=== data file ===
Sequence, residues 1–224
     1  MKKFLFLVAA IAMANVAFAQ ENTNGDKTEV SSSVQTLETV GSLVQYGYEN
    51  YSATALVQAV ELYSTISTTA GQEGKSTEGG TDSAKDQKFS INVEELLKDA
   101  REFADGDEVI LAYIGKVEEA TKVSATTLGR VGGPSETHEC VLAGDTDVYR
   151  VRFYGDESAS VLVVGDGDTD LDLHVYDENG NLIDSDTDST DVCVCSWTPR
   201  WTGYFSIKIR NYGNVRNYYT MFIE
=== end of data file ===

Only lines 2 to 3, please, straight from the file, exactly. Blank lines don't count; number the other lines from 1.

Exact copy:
     1  MKKFLFLVAA IAMANVAFAQ ENTNGDKTEV SSSVQTLETV GSLVQYGYEN
    51  YSATALVQAV ELYSTISTTA GQEGKSTEGG TDSAKDQKFS INVEELLKDA